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Negotiating a bend

  1. May 5, 2010 #1
    Hi there!

    When I had first learnt about the situation of a vehicle taking a turn around a bend, I was quick to conclude that the vehicle would bend inwards (towards the center of the circular path) as I had the image of the MotoGP racers who bend to the extremes to negotiate sharp bends. But I was later satisfied by the mathematics of the problem which showed clearly that reality is just the opposite..

    But my initial doubts still remain.. What about the bikers..?
    Even I have noticed this effect while riding. Though the classroom derivation was about 4 wheelers probably (we imagined a bending street and the back of a car that was about to take the turn, the normal reaction could only be zero on the "inner" wheel), but out on the streets it would be absurd to think that the physics of the bike and the car around the bend is different..
    Where am I getting it wrong?(Physics cant be different that way).
    Is the Inertia of Direction factor playing a greater role for the bike than the car? Well why so..?
    (Is the center of gravity of the car situated lower than that of the bike in a horizontal frame? If so then what bout a truck carrying 9 elephants? Where would the center of gravity be in such a case? In which direction will it turn in this problem? Or does this location of center of gravity really matter in this case?)

    Ideas Please...
     
  2. jcsd
  3. May 5, 2010 #2

    tiny-tim

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    Hi Starwanderer1! :smile:

    The car can stay level because it has two lines of wheels, but the bike has to stay in line with the total force (in the rider's rotating frame).

    The driver of the car has a rotating frame and experiences gravity downward, and a "fictitious" centrifugal force outward: total force out-and-down, he's sitting on a horizontal surface, so he will slide outward.

    The rider of the bike experiences the same forces, and the same total force, but in his case, he's sitting on a surface that is perpendicular to the total force (otherwise the bike will fall over), so he won't slide. :wink:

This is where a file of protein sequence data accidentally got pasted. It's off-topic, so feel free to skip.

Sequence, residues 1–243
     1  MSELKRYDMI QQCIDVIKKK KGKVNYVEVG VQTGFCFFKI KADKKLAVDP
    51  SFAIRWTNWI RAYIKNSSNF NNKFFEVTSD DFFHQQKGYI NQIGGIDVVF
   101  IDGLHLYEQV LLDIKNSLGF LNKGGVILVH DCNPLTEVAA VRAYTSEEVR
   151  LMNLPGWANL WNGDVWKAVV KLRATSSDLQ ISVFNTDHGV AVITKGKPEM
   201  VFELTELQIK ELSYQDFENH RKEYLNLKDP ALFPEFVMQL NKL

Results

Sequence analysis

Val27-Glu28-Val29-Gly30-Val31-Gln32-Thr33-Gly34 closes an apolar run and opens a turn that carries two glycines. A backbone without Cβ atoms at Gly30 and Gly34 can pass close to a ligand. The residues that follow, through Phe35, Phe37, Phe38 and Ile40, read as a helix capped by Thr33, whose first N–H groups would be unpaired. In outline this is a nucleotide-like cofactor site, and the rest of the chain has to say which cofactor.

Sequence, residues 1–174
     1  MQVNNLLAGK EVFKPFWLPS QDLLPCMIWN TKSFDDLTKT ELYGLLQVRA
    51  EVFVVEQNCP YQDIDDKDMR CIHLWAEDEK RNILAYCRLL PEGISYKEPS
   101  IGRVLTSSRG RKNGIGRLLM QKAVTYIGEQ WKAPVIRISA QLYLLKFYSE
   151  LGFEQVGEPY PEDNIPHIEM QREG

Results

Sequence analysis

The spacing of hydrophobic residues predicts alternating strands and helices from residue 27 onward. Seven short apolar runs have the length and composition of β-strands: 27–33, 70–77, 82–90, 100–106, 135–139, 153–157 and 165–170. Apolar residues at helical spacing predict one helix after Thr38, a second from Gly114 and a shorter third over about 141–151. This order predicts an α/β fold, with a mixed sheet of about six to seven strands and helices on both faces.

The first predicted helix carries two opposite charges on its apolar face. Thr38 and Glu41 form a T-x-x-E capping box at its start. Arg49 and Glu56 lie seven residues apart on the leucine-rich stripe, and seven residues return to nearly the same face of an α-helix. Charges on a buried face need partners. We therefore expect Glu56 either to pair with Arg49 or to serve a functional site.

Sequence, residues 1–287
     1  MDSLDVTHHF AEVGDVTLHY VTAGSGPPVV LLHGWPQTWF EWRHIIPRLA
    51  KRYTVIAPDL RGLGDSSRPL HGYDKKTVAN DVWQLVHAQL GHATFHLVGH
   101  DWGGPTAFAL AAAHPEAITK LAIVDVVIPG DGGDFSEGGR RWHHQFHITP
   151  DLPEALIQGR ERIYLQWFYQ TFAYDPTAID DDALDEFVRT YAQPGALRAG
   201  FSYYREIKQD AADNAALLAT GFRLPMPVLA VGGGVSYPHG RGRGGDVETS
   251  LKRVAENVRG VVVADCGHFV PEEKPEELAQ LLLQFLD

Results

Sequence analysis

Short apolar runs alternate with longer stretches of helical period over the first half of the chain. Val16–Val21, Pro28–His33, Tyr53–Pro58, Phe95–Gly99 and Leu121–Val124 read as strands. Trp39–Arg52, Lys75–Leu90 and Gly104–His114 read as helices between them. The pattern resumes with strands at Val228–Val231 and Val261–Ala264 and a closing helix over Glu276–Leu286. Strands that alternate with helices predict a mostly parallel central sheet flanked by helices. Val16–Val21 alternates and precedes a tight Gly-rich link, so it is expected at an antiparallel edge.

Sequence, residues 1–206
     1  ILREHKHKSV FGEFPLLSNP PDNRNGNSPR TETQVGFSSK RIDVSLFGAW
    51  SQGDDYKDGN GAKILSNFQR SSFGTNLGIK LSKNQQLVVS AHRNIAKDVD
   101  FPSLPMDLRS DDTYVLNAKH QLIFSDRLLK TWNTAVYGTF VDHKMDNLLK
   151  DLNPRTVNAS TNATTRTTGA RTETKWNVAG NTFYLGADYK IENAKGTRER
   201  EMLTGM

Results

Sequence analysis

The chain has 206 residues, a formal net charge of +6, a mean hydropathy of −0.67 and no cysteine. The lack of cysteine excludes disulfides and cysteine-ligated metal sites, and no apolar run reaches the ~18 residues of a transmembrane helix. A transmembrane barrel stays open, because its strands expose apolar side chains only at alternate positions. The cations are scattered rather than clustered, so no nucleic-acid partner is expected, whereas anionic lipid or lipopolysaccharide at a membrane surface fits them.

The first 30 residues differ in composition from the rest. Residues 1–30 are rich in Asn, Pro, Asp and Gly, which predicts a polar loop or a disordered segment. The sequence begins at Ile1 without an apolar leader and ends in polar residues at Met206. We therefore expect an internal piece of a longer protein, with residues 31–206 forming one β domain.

4. May 5, 2010 #3
    tiny-tim,
    I get the fact that if the bike would have behaved like the car then it would fall over. But even the biker is in a rotating frame. So he too would experience a centrifugal force. Further if I make a bike with extra wide wheels (it's still a bike, it still has one row of wheels, just it looks wierd), what would be it's behaviour? What do you think about the role of inertia of direction in this situation..?
     
  5. May 5, 2010 #4

    sophiecentaur

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    For a car not to roll, the net force must lie within the track of the vehicle. For a bike not to fall over, the force has to be almost exactly through a line through the contact points of the two wheels.
     
  6. May 5, 2010 #5

    tiny-tim

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    Yes, and that centrifugal force is the same as in the car.

    But remember, he won't feel the centrifugal force individually, he'll only feel the total force on him.

    And in both cases, as sophiecentaur :smile: says, the total force must go through the track of the vehicle.

    At normal speeds, the bike wheel would have to be very wide for that to work with the bike staying vertical.

    Of course, if it did stay vertical, the total force on him would have a sideways component, and he would tend to slide on the seat.
    what do you mean? :confused:
     
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